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Normal Radiographic Anatomy of the Equine Head

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Presentation on theme: "Normal Radiographic Anatomy of the Equine Head"— Presentation transcript:

1 Normal Radiographic Anatomy of the Equine Head
Dr. Pack/Woodland April 7, 2011.

2 Indications Nasal Discharge Head Trauma Facial / Neck Swelling
Sinusitis Dental Disease Head Trauma Fractures Facial / Neck Swelling Guttural Pouch Tympany

3 Technical Considerations
Head is mobile and high off the ground Sedation Lowers head Can use portable equipment 14x17 cassettes Film holding device Rope halter – no buckles Rope halter – anatomy beneath the buckle can still be visualized

4 Lateral and Oblique Views
Standing or recumbent Can visualize sinuses, teeth and skull fractures (frontal bone) Obliques are needed to carefully assess tooth roots Must label correctly Can use barium as marker on skin if needed Labeling

5 Morgan

6 Morgan

7 Morgan

8 DV/VD Used for comparison between sides
Difficult to keep head still and straight Can throw off symmetry Easier to do VD when patient is under general anesthesia Maxilla is wider than the mandible

9 Morgan

10 Mass on Right side

11 Cranium Foals: dome-shaped Adult lateral view
Face lengthens with growth; accommodates teeth and expanding sinuses Adult lateral view Petrous temporal bones (tympanic bullae not visible) Nuchal crest Occipital condyles Ethmoid turbinates Ventral jaw in foals can be bumpy = from root of unerupted permanent cheek teeth.

12 A - Nuchal crest D - Occipital condyle
B C D E F Dyce et. al A - Nuchal crest D - Occipital condyle B - Coronoid process E - Ramus of mandible C - Condylar process F - Body of mandible

13 Equine Skull A = Petrous temporal bone B = Cranium
C = Condyloid process D = Coronoid process E = Basioccipital F = Epiglottis G = Ethmoid turbinates

14 A – Choncofrontal sinus
B – Maxillary sinus C – Condylar process of mandible D – Guttoral pouch E – Stylohyoid bone F – Epiglottis G – Maxillary 3rd Molar H – Mandibular 2nd Premolar A C B D G E F H

15 Unlabelled

16 Equine Sinuses Frontal Dorsal, ventral and middle conchal Maxillary
Dorsal part of the skull, medial to orbit Combines with dorsal conchal = conchofrontal Dorsal, ventral and middle conchal Maxillary Rostal and caudal Important relationship with the molar cheek teeth Sphenopalatine Trephination to remove cheek teeth = through frontal sinus into the caudal maxillary The ones of clinical importance are the frontal, dorsal conchal and maxillary Maxillary: Rostral extends into the ventral choncal Caudal continues into the sphenopalatine Sphenopalatine = superimposed with the vertical ramus of the mandible.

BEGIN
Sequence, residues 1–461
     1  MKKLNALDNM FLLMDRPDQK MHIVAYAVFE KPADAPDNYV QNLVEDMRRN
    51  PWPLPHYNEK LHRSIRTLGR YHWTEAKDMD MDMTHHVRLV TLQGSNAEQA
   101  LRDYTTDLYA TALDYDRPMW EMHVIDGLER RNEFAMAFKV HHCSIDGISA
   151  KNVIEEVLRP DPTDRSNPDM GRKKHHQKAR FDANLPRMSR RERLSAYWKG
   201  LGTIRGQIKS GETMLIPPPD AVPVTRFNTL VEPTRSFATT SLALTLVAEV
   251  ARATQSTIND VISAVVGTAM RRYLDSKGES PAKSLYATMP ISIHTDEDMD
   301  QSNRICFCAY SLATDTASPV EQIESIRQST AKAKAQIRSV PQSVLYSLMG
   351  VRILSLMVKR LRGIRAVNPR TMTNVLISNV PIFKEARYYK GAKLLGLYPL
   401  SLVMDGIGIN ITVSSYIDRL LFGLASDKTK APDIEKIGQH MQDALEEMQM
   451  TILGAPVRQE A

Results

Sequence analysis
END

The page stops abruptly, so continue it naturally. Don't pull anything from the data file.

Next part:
17 Caudal Maxillary Sinus
Frontal Sinus Caudal Maxillary Sinus Rostral Maxillary Sinus Dyce et. al

18 Equine Sinuses Normally air-filled on radiographs
Fluid or a soft tissue mass can be seen Air-fluid lines Hard to tell if one or both sides are affected Maxillary sinus PM4, M1, M2, M3 tooth roots in sinus Tooth root infections can easily cause sinusitis

19 Sinuses A = frontal B = dorsal conchal C = stylohyoid bone
D = maxillary sinus D

20 Sinuses A - Nasal bone B - Frontal sinus C - Dorsal conchal sinus
D - Maxillary sinus E - Mandible

21 Post-op Tooth Repulsion

22 Guttural Pouches Ventral diverticulum of the auditory tube
Paired; lateral and medial compartments Superimposed and air-filled on radiographs Dorsal pharyngeal wall separates the ventral wall of the GP from the pharynx Stylohyoid bones can be seen through the air filled GP’s Retropharyngeal lymph nodes Caudal to the GP Infection can spread from LN to GP Guttoral pouches = diverticulum of the auditory tube Mucosal lining of the tube through a ventral slit between the medial and lateral supporting cartilages ml Tympany and empyema

23 Guttural Pouches

24 A B A = Petrous Temporal Bone B = Basioccipital bone C = Coronoid Process of the Mandible C

25 Basisphenoid / Basiocciptal Fractures
Occur primarily in young horses that flip over backward Poll strikes against ground Clinical signs depend upon amount of displacement Minimal = usually recover but may have residual head tilt Severe = cerebral hemorrhage and death If horse can stand, death is not likely


27 MRI


29 Pharynx / Larynx Pharynx Epiglottis Larynx
Where nasopharynx and oropharynx join Epiglottis Dorsal to the soft palate Larynx Made up of many cartilages which are rarely seen and their location is approximated anatomically on the radiograph

30 Equine Teeth Herbivores = hypsodont teeth
Continuously erupt to compensate for attrition (wearing) Grinding surface Dental enamel is more dense than bone Sinuses will be very overexposed Lateral, obliques +/- VD

31 Equine Dental Formula Temporary teeth: Permanent teeth:
3-0-3 Maxillary 3-0-3 Mandibular “Baby” teeth are shorter and smaller Permanent teeth: 3-1-3(4)-3 Maxillary Mandibular Maxillary premolar 1 is wolf tooth Canine teeth Rudimentary and commonly fail to erupt in mares Wolf teeth may not erupt. Upper jaw only.

32 Dyce et. al

33 Numbering Teeth Can not definitively tell which side without obliques
Make sure to call them maxillary or mandibular Always look for wolf teeth

34 Teeth cont. Mandibular 4th premolar = Canine Tooth Incisors

35 P2 P3 P4 M1 M2 M3 P2 P3 P4 M1 M3 M2


37 Tooth root fractures (maxillary molars)

38 Ruminants Horns: - Grow from frontal bones
Cornual diverticulum = continuation of frontal sinus into the cornual process

39 Dental Formula Temporary Teeth: Permanent Teeth: 0-0-3 Maxillary
3-1-3 Mandibular Permanent Teeth: Maxillary Mandibular


41 Lumpy Jaw (Actinomyces bovis)

42 Lumpy Jaw = Actinomyces bovis

43 Test yourself What structures can you correctly identify?

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